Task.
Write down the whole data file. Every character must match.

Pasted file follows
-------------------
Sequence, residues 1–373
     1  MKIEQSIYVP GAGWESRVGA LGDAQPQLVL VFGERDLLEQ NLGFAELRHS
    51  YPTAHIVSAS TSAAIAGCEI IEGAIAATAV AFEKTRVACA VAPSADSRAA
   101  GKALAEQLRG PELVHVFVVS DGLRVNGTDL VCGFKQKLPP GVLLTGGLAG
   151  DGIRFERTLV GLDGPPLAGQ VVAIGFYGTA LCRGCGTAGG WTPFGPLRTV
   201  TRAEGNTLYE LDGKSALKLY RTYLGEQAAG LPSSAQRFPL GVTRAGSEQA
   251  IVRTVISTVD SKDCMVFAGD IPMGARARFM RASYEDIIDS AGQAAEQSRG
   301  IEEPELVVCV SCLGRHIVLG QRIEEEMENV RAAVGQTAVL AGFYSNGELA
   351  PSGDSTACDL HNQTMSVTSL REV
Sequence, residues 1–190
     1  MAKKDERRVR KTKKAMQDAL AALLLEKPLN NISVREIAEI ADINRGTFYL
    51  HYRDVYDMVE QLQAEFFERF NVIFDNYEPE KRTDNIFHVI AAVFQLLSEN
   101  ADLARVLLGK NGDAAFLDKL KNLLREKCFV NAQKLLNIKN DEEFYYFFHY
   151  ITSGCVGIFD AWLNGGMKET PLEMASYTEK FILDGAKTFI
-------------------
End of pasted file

Sequence, residues 1–373
     1  MKIEQSIYVP GAGWESRVGA LGDAQPQLVL VFGERDLLEQ NLGFAELRHS
    51  YPTAHIVSAS TSAAIAGCEI IEGAIAATAV AFEKTRVACA VAPSADSRAA
   101  GKALAEQLRG PELVHVFVVS DGLRVNGTDL VCGFKQKLPP GVLLTGGLAG
   151  DGIRFERTLV GLDGPPLAGQ VVAIGFYGTA LCRGCGTAGG WTPFGPLRTV
   201  TRAEGNTLYE LDGKSALKLY RTYLGEQAAG LPSSAQRFPL GVTRAGSEQA
   251  IVRTVISTVD SKDCMVFAGD IPMGARARFM RASYEDIIDS AGQAAEQSRG
   301  IEEPELVVCV SCLGRHIVLG QRIEEEMENV RAAVGQTAVL AGFYSNGELA
   351  PSGDSTACDL HNQTMSVTSL REV
Sequence, residues 1–190
     1  MAKKDERRVR KTKKAMQDAL AALLLEKPLN NISVREIAEI ADINRGTFYL
    51  HYRDVYDMVE QLQAEFFERF NVIFDNYEPE KRTDNIFHVI AAVFQLLSEN
   101  ADLARVLLGK NGDAAFLDKL KNLLREKCFV NAQKLLNIKN DEEFYYFFHY
   151  ITSGCVGIFD AWLNGGMKET PLEMASYTEK FILDGAKTFI